The issue of intoxication and consent came up recently in the Fort Worth Court of Appeals in Anderson v. State, 2012 WL 1222148. In Anderson, two men met two ladies at a bar during a night of drinking. One young lady ended up somehow at the residence of one of the men, along with her friend who appeared to have gone consensually. Anderson claimed they had consensual intercourse, but his accuser said she woke up during unconsensual intercourse and tried to fight him off. The end result was that, “as authorized by the indictment, the jury convicted Anderson of intentionally or knowingly causing the penetration of Miller’s female sexual organ … while knowing that he did so without her consent and that she was either unconscious or physically unable to resist or that she did not consent and was unaware that the sexual assault was occurring. (citations omitted)” The court of appeals noted the established law that “[w]hen assent in fact has not been given, and the actor knows that the victim’s physical impairment is such that resistance is not reasonably to be expected, sexual intercourse is ‘without consent’ under the sexual assault statute. Elliott v. State, 858 S.W.2d 478, 485 (Tex.Crim.App.), cert. denied, 510 U.S. 997, 114 S.Ct. 563, 126 L.Ed.2d 463 (1993).”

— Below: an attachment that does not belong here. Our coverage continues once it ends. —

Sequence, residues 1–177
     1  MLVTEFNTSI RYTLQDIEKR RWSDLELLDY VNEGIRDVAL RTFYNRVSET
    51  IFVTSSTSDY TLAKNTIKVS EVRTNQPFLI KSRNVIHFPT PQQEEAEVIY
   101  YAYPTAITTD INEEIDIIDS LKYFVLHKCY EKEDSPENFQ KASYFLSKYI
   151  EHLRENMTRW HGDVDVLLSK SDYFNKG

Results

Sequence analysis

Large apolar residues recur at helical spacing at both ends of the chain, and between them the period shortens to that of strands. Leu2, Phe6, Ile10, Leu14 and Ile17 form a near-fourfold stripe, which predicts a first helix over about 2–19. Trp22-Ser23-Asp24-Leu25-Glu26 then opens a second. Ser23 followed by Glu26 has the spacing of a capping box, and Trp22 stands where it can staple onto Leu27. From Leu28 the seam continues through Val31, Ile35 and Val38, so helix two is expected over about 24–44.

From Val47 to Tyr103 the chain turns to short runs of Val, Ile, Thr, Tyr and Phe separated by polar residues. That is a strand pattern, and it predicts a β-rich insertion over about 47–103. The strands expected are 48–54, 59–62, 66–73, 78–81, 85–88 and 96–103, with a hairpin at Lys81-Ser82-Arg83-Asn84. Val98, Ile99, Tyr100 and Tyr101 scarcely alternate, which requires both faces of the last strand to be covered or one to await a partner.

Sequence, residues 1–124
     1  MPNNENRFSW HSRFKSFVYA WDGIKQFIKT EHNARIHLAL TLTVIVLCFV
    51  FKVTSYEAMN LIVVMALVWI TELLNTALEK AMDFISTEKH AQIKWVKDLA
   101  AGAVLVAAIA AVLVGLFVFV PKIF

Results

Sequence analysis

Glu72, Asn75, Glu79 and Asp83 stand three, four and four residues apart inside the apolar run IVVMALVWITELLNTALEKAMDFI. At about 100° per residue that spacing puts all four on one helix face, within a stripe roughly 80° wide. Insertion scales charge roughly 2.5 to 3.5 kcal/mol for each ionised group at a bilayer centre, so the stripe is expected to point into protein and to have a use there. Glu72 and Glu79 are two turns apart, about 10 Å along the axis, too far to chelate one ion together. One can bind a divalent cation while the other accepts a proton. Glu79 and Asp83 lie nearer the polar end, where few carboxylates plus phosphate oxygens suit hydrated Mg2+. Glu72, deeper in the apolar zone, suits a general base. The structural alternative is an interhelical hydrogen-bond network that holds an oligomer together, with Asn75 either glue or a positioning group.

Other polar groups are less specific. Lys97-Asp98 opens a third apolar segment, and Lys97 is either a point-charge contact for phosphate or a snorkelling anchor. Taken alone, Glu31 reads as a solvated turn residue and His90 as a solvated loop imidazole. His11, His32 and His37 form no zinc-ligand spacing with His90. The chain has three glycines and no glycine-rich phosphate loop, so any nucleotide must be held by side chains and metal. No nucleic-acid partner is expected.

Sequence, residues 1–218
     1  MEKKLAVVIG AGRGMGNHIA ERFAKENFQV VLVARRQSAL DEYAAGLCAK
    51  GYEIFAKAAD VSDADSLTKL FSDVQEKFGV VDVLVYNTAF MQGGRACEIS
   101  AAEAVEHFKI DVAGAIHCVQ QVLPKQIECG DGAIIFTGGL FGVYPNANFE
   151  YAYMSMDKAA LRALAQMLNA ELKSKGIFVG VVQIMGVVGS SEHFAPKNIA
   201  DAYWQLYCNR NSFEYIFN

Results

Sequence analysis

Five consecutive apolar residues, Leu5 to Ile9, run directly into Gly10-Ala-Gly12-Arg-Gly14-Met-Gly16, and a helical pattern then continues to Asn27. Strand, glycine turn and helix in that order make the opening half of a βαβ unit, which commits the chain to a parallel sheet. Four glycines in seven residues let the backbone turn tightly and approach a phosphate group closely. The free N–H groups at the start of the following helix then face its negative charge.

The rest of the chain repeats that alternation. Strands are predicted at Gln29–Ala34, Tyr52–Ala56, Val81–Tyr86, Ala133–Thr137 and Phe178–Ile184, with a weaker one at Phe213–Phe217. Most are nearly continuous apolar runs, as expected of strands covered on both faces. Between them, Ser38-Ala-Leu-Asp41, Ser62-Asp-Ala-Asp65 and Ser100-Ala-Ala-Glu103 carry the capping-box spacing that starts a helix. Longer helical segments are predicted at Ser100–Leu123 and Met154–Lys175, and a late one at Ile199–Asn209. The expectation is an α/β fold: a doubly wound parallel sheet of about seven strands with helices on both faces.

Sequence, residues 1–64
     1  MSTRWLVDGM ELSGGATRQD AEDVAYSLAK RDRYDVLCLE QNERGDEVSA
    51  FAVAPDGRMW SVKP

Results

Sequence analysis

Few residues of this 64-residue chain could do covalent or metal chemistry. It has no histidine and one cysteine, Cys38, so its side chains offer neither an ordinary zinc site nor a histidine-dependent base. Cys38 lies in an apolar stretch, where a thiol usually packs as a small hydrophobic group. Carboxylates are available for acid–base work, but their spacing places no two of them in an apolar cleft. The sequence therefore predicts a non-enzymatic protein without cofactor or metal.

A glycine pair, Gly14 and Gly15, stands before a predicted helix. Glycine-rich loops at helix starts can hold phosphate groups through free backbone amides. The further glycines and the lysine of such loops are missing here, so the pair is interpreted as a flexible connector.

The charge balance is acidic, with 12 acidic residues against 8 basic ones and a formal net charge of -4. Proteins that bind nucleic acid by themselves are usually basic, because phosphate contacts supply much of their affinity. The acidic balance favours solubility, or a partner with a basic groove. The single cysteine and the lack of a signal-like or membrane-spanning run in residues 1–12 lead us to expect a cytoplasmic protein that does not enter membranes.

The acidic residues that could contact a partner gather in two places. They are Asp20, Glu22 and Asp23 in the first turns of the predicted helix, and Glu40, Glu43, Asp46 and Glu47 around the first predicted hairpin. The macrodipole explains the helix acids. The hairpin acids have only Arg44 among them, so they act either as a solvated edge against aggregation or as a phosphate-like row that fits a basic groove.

We don’t know what happened in the hotel room in San Antonio between these two football players and the alleged victim. What we do know is that just because a person is too intoxicated to resist a sexual encounter, that is not consent to sexual activity. Not only is unconsciousness not consent, being intoxicated to the point of being unaware that the sexual assault is occurring is not consent.
If you or someone you know is being investigated or prosecuted for a crime, call Board Certified Criminal Law Specialist Micah Belden at 903-744-4252.